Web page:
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State News

Nixon announces higher education plan

His proposed Missouri Promise plan would create a path to a four-year degree for students by providing a scholarship to qualifying students to cover college or university costs.

Projections say Mo. population growth will lag that of nation

The state Office of Administration today released updated population projections for Missouri going out to 2030.

Aftershocks continue in the Midwest

The U.S. Geological Survey says 26 aftershocks have been centered in Illinois since last week’s 5.2-magnitude temblor that originated in the southeast part of that state.

Senator: Limit travel's ties to insurance rates

Sponsoring Sen. Scott Rupp says some Missourians have been denied life insurance policies because they planned to vacation in certain parts of the world. He says some insurance companies, for example, view Israel as dangerous.

Malpractice suits and premiums down since 2005, Blunt says

Critics countered that many Missourians are declining to file medical malpractice suits because the lower cap on damages means that even if they win, most of the money will go to attorneys.

Budget writers OK responder radio plan

The radio system now used by the Missouri State Highway Patrol is about 50 years old.

House: Pair teacher councils and districts on contract talks

It's an attempt to set up a structure for collective bargaining.

House rejects bill to limit tipped worker wages

Critics said the proposed reduction would have been unfair to tipped workers and disrespectful to voters who approved the minimum wage increase.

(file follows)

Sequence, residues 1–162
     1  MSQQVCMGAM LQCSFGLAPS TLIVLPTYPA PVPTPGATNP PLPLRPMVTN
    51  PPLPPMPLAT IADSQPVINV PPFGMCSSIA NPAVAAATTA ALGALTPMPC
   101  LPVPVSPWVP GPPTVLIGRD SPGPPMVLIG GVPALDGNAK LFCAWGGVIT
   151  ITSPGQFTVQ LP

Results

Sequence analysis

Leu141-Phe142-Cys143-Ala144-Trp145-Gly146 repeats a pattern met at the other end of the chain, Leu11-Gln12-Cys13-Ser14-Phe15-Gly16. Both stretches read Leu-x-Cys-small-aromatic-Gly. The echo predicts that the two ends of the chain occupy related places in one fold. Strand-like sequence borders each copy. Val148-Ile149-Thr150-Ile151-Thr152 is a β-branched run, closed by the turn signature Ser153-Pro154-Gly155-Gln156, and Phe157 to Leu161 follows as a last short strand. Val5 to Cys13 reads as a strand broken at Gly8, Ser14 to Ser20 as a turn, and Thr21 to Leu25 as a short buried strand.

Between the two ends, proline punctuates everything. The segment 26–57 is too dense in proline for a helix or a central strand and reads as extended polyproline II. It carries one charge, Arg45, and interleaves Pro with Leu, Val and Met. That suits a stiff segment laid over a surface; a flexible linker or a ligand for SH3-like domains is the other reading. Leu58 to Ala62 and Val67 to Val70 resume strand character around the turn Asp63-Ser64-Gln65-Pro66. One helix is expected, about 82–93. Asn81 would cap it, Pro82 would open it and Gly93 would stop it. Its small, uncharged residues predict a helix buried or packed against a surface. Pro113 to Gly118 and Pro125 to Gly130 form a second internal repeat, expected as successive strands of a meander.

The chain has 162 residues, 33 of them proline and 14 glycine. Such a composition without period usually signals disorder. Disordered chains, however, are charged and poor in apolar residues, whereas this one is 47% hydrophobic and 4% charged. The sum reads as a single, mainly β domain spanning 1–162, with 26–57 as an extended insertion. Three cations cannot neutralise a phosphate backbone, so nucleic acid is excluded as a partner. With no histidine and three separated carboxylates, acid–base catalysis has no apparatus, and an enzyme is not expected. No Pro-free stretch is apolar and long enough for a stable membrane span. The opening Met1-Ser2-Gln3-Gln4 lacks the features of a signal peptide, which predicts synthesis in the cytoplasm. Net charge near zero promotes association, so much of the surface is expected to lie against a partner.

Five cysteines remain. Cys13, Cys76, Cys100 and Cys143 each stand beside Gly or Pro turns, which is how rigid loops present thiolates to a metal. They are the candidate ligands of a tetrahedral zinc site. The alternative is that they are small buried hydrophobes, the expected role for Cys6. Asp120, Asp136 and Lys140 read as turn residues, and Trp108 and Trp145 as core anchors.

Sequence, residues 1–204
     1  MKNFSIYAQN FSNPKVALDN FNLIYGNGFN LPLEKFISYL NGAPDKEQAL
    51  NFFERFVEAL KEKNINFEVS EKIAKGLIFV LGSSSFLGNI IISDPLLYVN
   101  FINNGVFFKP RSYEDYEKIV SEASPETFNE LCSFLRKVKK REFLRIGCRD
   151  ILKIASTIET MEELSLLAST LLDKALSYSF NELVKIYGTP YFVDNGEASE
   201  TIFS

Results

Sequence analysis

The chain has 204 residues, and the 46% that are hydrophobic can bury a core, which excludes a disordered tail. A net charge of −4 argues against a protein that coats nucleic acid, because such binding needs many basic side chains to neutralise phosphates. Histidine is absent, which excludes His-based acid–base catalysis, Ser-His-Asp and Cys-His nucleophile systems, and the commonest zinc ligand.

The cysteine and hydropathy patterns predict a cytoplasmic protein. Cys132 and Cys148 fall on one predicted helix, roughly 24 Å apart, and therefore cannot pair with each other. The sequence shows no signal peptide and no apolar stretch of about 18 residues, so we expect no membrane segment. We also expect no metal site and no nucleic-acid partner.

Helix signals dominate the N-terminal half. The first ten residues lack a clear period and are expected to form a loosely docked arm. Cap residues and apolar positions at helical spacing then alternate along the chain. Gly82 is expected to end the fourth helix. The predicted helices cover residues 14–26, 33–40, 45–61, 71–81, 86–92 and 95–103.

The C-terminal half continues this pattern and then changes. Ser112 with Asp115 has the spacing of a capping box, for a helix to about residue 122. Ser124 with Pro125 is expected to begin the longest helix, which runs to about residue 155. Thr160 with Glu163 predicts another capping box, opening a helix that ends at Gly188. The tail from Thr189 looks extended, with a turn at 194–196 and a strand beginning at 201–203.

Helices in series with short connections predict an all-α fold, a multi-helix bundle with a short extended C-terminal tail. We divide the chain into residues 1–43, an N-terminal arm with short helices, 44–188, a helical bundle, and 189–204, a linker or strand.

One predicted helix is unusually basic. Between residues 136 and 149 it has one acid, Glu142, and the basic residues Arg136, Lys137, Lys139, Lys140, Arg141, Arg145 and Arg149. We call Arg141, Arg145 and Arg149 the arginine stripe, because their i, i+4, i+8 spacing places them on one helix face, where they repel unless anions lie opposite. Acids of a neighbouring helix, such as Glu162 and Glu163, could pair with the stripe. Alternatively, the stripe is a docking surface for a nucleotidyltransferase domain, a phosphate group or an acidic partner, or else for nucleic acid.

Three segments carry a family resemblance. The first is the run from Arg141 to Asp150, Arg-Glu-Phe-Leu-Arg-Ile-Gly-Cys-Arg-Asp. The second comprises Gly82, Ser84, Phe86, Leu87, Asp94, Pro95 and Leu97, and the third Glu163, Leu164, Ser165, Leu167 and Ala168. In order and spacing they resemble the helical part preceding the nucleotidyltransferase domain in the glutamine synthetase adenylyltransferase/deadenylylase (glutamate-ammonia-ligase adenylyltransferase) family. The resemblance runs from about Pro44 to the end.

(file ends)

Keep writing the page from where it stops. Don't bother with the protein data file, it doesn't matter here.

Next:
Push to expand tuition aid plan

Under an agreement by House and Senate budget negotiators, the Access Missouri scholarship program would be expanded next year to cover a projected 49,000 students, including several thousand from wealthier families.

Bill gives Aquila power plant a pass

The state House voted to allow Aquila to continue operating a power plant near Peculiar. The plant was built amid substantial legal questions.

Amendments keep Insure Missouri in the Senate

The Senate Insure Missouri bill got its first taste of floor debate on Tuesday as senators debated several amendments with just more than three weeks left in legislative session.

Mo. prisoners seek reviews of crack cocaine sentences

The U.S. Probation Office covering eastern Missouri already has received nearly 600 petitions from federal prisoners, asking that their terms either be shortened or ended.

Mo. senators debate health coverage plan for uninsured

JEFFERSON CITY — After its flashy debut fizzled out, Gov. Matt Blunt's Insure Missouri proposal made a comeback of sorts today as senators debated legislation that eventually could subsidize health insurance for as many as 200,000 lower-income Missourians.

 

Mandated ethanol-blended fuel concerns some lawmakers

JEFFERSON CITY — Although it has been in effect for only four months, some lawmakers want to repeal Missouri's law requiring gas stations to sell ethanol-blended fuel.

Punish employers who hire illegal immigrants, union members say

JEFFERSON CITY — Hundreds of union members fill the Capitol's south lawn today urging lawmakers to punish employers who hire illegal immigrants.

Reevaluating the sale of ethanol-blended fuel

Though it has been in effect for only four months, some lawmakers want to repeal Missouri’s law requiring that gas stations sell ethanol-blended fuel.

Reserve Callaway deputy finds woman’s body

A woman’s body was found Sunday afternoon near the Mokane River in Callaway County, according to a news release from the Callaway County Sheriff’s Department.

House adopts new abortion rules

The bill, which still needs Senate approval, would make it a crime to coerce a woman into an abortion and would require doctors to offer women extra information before an abortion.

Midwest earthquake highlights need for preparedness

A five-day training exercise by National Guard troops to prepare for “no-notice events” received more attention following last week's 5.2 magnitude earthquake.

After quake, Eastern Missouri residents rush to insurance providers

But they are finding out there’s a waiting period for coverage, even as aftershocks continue to shake the ground.

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